Iraq and the Roots of War



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by L.K. Samuels, April 3, 2007


March 19 marked the fourth anniversary of the invasion of Iraq by U.S. forces.  Across California and the United States, thousands of demonstrators mourned this event with peace rallies, funeral marches, and speeches.  Like many concerned citizens, I organized and participated in several peace rallies in the Monterey area.  These rallies represented a wide coalition of groups and ideas, ranging from labor activists, Democrats, Quakers, and United Nations associations to libertarians.  But when I delved deeper into why my fellow peace activists were protesting, I discovered that they know little about the causes of war.

The war in Iraq is no different from most wars, except that it has striking similarities to the Napoleonic wars.  Fought across continental Europe in the early 1800s, these series of wars were allegedly fought to liberate the people from their oppressors.  Napoleon repeatedly cited his intentions to replace kings and the nobility with liberty, equality, and fraternity.  There was only one problem.  The people in adjacent foreign lands did not want to be liberated and referred to the invading Napoleon as the bogeyman.  The only revolutionary idea that Napoleon gave to Europe was adding propaganda to the arsenal of war.

The Bush administration is chanting the same mantra in Iraq, arguing that American troops are there to secure a stable democracy.  Like Napoleon's forces, American troops are involved in nation-building to "liberate" the Iraqis and provide them with the tools of democracy, even though Iraq has never had a democratic government in its 7,000-year history, or possessed any grassroot movements advancing the concept of liberty.

So what is the root cause of war?  Some sociologists point to the authoritarian attitudes of those who believe they are right, everyone else is wrong, and everyone must do as they command.  This rigid mindset of one's own moral superiority permits ruling systems to engage in armed conflicts around the world and to commit all sorts of atrocities.  Of course, any resulting collateral damage is considered acceptable because the war is being waged for a good cause.

Most wars are an affront to individual rights.  When the few can command the many to do their murderous bidding, small conflicts tend to magnify into large ones.  The concentration of power provides authorities with the collective means to execute their do-good pet policies.  That is because most world leaders have succumbed to the Machiavellian notion that "the ends justify the means," contending that any violent act -- murder, robbery, and so forth -- is permissible providing that the end goal is a "greater good."  And under this greater-good nostrum, the public often accepts the government's argument that war is peace, that freedom is slavery, and that invading a foreign nation with a preemptive strike is a defense maneuver.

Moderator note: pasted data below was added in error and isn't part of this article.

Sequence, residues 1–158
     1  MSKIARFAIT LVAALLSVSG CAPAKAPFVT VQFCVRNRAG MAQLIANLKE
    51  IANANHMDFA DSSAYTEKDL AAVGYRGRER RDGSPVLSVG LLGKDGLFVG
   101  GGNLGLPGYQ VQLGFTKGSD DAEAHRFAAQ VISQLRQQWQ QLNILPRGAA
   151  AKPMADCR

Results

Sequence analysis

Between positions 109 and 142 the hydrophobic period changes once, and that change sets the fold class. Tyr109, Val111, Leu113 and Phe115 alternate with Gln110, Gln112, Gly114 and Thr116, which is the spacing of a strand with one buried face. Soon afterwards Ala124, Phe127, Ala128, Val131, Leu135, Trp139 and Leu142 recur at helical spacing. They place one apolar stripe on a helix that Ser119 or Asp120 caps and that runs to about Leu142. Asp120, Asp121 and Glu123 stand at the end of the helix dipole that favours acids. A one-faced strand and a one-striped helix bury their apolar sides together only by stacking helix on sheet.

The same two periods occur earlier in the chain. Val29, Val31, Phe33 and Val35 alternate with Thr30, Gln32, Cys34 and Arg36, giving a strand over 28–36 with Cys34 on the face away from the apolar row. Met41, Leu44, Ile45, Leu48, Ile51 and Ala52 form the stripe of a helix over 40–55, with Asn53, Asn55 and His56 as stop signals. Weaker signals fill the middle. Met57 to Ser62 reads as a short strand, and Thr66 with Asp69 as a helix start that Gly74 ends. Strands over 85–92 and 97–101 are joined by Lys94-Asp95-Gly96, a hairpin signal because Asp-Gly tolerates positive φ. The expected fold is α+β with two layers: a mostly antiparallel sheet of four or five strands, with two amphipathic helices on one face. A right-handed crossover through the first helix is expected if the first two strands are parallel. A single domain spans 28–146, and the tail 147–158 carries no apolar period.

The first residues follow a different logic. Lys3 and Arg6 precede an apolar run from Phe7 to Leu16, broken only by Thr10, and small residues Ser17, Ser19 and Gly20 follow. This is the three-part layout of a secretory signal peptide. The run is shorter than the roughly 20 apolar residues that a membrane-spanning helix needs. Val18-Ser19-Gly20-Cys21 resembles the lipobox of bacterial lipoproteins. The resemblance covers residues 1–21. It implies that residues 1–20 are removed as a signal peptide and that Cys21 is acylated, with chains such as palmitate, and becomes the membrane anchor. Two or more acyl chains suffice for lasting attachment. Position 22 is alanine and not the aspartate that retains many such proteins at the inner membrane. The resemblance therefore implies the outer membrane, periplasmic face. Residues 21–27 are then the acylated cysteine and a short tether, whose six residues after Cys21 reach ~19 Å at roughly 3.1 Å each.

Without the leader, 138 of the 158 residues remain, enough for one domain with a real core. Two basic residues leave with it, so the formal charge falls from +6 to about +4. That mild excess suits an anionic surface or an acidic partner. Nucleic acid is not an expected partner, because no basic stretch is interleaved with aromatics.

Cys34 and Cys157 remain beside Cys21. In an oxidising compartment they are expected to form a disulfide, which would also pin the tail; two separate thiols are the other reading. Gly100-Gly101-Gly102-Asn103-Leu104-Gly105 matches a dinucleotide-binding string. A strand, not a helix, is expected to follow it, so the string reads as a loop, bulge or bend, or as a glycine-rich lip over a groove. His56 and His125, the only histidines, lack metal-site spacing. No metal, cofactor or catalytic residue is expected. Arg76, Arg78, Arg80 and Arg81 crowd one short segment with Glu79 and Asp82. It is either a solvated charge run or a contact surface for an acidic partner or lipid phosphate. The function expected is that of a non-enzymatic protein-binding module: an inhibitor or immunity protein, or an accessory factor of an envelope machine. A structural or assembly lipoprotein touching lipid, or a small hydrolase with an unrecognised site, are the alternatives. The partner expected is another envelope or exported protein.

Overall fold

As Randolph Bourne wrote in 1918, "War is the health of the state."  Government thrives off war and the hysteria it spawns.  Without such conflicts, the authorities could not justify increased spying on citizens and suspension of citizens' rights.  Government needs war the way a heroin addict needs drugs.  They need it to justify increasing taxes and expanding debt and to inflame nationalistic fervor.  Governments need foreign devils and unstable conditions to prop up sagging popularity and economic policies.  Even Thomas Paine recognized this truism in The Rights of Man, writing that "taxes were not raised to carry on wars, but that wars were raised to carry on taxes."

But the true culprit for war is a staunch belief in the infallibility of governmental power.  To accept the legitimacy of the state is to embrace the necessity for war.  For thousands of years, governments have been the quintessential war machine.  If given the means, they tirelessly prepare for armed conflict with foreign and domestic opponents.  They seek to protect their status, their authority, and their right to rule over others, creating an US versus THEM environment.

Conflict and war are the greatest threat to human liberty, life, and property.  And a policy of perpetual war and nation-building eventually turns peaceful republics into violent empires.

The best road to peace is to allow citizens to structure their own lives as they see fit.  When citizens are denied freedom, conflict flares and war is not far behind.  Only a small, unobtrusive government can reduce intrasocietal and foreign conflict.  Only an open society, in which citizens freely choose their own personal and economic lifestyles, can ensure a peaceful way of life.


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